Support group Swindon Welcomes Ukraine has hit a milestone in a project aimed at helping Ukrainian visitors get out and about.
The organisation has issued the 175th bike that has been donated, repaired and issued to Ukrainians who have moved to Swindon - and more bikes are needed.
Swindon Welcomes Ukraine (SWU) was established in April of last year to support hosts and guests through the Homes for Ukraine Scheme, with the aim of helping to build a Ukrainian community as well as integrating.
One of the community’s key challenges was mobility and the need to get around the town to go to interviews, school or work.
One family asked committee vice-chair, Kris Talikowski, for a couple of bikes, and when this was shared on Facebook the project was born.
Kris said: “We had over 40 people offering their bikes for Ukrainians - it was fantastic.
"We then had to work out how to collect them all, get them repaired, make them safe and then issued out to the growing community.”
The team started by using the services of local bike shops such as Run and Repair, who were prepared to service some bikes for free or at cost. Once the number of donated bikes exceeded 20, the ability for shops to support the scheme tailed off as they had to focus on their own businesses.
The team secured a few small grants locally, such as Magic Little Grant from LocalGiving, with the assistance of Swindon Cycle Campaign, and a grant from Wiltshire Community Foundation.
With this and their own fundraising, the team decided to take control of the repairs themselves.
Treasurer and cyclist Dave Thrower, decided to become qualified. He said: “I attended a Cyctec Level 2 bike mechanics course so that I could service the bikes to an industry standard. That increased the amount we could repair ourselves and has enabled us to get to 175 bikes to date.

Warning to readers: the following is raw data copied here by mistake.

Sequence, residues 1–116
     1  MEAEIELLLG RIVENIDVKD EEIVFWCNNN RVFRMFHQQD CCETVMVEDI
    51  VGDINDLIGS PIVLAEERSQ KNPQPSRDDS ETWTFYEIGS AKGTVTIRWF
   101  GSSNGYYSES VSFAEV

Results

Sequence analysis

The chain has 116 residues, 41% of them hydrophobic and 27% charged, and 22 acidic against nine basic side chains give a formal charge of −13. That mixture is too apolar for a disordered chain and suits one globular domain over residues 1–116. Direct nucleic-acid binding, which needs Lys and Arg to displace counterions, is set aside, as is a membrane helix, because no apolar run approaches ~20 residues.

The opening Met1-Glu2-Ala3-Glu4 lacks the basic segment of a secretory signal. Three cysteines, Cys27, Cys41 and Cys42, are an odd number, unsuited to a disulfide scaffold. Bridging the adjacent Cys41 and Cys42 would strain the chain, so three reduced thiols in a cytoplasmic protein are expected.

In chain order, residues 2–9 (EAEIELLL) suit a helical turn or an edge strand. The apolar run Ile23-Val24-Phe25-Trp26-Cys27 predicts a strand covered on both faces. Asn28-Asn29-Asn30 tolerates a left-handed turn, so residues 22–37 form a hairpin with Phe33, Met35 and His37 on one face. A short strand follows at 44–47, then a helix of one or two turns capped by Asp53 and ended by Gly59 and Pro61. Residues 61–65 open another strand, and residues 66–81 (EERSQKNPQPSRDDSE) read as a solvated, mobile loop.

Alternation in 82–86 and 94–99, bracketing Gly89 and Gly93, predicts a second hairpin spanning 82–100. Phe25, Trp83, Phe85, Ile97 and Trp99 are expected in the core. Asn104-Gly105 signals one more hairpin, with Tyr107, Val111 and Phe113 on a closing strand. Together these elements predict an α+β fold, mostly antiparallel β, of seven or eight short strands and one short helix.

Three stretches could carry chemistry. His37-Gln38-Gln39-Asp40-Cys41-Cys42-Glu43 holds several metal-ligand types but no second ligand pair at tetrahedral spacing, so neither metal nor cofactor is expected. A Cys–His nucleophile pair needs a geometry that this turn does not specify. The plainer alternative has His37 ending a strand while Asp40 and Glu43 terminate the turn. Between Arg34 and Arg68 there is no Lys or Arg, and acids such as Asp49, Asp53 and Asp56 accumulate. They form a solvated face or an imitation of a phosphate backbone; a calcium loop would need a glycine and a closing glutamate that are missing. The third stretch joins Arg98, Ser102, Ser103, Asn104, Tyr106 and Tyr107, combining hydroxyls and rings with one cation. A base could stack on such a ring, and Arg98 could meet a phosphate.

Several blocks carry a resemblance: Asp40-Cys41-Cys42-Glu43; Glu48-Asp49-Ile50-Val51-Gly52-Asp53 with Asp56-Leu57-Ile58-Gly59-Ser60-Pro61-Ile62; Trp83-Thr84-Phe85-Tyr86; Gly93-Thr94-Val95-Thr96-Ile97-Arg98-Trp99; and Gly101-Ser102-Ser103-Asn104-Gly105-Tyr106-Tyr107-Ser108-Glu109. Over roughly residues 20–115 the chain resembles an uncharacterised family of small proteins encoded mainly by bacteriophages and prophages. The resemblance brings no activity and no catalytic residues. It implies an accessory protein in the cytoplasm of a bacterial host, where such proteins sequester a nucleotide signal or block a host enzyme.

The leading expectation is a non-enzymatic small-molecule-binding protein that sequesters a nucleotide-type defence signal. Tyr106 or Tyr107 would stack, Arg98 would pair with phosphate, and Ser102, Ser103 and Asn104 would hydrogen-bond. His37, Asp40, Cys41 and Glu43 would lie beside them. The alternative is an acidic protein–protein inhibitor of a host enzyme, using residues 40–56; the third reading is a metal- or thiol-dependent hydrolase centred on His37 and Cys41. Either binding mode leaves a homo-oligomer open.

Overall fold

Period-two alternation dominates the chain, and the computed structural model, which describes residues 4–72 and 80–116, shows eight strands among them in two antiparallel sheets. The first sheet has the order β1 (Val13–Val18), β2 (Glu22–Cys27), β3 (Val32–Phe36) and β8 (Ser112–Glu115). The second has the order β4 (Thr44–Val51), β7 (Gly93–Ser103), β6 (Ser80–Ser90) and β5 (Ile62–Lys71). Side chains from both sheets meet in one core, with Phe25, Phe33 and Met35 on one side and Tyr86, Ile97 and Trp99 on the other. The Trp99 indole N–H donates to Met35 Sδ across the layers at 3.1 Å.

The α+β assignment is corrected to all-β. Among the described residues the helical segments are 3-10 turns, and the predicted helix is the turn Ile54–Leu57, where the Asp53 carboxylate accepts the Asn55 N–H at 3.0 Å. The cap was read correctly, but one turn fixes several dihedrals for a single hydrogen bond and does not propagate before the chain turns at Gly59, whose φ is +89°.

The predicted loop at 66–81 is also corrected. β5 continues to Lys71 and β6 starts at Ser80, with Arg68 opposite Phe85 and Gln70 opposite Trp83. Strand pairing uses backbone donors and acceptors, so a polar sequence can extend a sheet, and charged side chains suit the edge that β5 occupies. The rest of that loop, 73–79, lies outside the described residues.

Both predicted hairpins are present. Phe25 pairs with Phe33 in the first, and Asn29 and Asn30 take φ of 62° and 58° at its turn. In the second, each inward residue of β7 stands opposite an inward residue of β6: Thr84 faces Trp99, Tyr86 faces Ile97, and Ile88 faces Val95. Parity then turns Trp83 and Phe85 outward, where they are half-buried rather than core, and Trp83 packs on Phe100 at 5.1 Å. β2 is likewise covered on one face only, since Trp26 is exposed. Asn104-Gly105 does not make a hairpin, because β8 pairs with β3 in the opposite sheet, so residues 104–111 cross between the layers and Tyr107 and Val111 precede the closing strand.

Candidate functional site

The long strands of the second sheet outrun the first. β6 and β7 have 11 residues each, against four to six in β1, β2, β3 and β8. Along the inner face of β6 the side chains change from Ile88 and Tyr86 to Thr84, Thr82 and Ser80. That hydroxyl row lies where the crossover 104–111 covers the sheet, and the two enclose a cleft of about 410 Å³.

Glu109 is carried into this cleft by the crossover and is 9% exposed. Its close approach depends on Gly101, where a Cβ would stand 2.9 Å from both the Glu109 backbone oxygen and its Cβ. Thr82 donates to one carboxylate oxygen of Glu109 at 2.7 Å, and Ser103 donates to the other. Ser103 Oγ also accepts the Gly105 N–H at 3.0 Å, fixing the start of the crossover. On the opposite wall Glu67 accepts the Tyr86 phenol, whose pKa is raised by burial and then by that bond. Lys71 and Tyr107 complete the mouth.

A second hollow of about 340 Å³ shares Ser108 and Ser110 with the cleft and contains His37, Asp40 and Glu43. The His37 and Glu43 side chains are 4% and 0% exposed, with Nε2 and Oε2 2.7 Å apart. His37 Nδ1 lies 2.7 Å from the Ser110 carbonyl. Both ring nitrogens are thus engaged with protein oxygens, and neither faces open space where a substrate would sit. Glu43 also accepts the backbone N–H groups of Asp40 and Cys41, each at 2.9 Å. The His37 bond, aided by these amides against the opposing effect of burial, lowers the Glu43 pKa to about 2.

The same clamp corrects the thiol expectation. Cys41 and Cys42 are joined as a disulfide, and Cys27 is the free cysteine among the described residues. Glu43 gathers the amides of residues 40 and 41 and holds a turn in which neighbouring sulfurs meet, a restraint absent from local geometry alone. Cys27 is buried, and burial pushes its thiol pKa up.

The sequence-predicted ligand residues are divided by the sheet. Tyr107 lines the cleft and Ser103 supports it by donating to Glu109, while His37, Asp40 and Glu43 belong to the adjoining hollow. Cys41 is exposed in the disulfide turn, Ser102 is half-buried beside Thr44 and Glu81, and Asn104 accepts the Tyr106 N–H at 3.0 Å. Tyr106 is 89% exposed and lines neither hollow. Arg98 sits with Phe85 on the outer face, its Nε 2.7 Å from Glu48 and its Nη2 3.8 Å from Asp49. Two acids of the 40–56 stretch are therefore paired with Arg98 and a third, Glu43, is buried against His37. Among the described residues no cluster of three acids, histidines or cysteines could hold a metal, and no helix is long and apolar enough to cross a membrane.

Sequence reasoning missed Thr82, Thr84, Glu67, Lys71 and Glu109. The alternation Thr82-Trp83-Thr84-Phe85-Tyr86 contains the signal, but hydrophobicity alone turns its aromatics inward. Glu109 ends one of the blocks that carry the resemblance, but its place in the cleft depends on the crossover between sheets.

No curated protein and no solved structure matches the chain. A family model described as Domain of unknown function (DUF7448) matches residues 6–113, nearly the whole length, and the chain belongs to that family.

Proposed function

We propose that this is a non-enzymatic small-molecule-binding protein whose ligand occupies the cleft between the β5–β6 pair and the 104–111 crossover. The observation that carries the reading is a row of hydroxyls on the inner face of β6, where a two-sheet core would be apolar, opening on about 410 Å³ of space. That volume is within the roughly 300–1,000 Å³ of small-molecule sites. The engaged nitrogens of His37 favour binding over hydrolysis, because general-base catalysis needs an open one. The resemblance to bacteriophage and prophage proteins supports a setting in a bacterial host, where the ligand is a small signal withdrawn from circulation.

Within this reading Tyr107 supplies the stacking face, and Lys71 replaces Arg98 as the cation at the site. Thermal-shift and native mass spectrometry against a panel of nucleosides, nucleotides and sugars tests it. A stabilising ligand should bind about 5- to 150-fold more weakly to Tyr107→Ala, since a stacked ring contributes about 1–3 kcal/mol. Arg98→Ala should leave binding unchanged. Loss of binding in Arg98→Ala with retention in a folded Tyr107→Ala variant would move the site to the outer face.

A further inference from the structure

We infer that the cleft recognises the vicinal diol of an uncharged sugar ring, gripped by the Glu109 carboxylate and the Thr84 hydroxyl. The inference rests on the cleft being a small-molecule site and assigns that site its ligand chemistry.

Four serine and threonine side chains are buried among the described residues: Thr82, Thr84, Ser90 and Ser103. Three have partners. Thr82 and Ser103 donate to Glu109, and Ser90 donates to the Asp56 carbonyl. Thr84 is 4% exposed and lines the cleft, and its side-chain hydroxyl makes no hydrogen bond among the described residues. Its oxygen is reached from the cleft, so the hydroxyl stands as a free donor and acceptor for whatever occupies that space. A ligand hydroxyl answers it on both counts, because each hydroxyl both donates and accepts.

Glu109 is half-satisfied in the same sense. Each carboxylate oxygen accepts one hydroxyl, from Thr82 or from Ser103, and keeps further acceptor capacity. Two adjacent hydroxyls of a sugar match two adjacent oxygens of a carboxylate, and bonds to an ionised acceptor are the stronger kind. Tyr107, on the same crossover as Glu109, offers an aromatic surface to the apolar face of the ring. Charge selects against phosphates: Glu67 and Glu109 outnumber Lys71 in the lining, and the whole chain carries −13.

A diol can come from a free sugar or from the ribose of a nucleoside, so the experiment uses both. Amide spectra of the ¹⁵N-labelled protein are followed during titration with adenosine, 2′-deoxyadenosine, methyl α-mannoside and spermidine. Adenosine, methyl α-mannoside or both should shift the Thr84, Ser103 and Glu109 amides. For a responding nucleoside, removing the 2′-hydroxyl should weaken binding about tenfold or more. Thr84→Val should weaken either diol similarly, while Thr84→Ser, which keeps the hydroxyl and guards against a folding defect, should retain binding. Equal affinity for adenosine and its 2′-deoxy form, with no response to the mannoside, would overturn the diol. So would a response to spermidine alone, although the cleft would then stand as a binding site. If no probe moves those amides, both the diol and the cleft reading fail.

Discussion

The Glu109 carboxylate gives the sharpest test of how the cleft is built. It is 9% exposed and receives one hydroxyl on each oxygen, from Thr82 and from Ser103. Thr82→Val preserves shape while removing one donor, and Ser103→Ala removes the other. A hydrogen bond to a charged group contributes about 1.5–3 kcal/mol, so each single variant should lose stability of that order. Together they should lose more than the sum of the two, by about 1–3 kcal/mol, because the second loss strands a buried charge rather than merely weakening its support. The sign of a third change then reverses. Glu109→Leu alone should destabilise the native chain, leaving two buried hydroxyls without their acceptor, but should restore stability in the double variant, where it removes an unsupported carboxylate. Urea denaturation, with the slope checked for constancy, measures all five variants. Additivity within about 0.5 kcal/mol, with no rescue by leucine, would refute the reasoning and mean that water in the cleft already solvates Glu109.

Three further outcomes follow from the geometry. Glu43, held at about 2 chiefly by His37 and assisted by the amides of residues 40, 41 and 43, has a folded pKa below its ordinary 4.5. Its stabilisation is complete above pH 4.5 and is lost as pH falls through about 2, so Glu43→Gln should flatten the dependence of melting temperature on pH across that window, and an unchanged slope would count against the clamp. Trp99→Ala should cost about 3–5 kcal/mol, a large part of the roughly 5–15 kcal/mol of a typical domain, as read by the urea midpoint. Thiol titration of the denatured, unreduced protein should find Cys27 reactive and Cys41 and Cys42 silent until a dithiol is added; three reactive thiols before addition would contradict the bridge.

"The Pattern Church have been amazing as they donated their top floor for our bike repair shop and enabled us to store and work on 35 bikes at a time”.
Now the team has four volunteers working on the bike project, including two fully qualified mechanics. They are stocked up on the parts used on most bikes, such as cables, brake pads and inner tubes, which enable them to work on bikes quickly without waiting for parts.
It costs an average of around £65 to repair a bike and issue it alongside some safety equipment. So far grants and public donations have enabled the project to continue but the team are in need of more bikes and donations to keep the repairs going.
The SWU team have received 233 donated bikes, serviced 210 and issued 175 bikes. Even machines which cannot be repaired economically do not go to waste as some can be used for parts.
All bikes are issued alongside a helmet, lock and lights, plus a document about safe riding.
Committee chair Sofiia Volovyk said: "The operation has been a huge success and very rewarding. Our Ukrainian guests are extremely grateful to have independence and the means to get around socially or for school and work.
"There is no doubt that this has helped achieve the initial aims of building a community and allowing guests to integrate and contribute to the wider Swindon community.”
To donate a bike or make a financial donation to help the project, people can visit https://www.ukraineswindon.com/bikes
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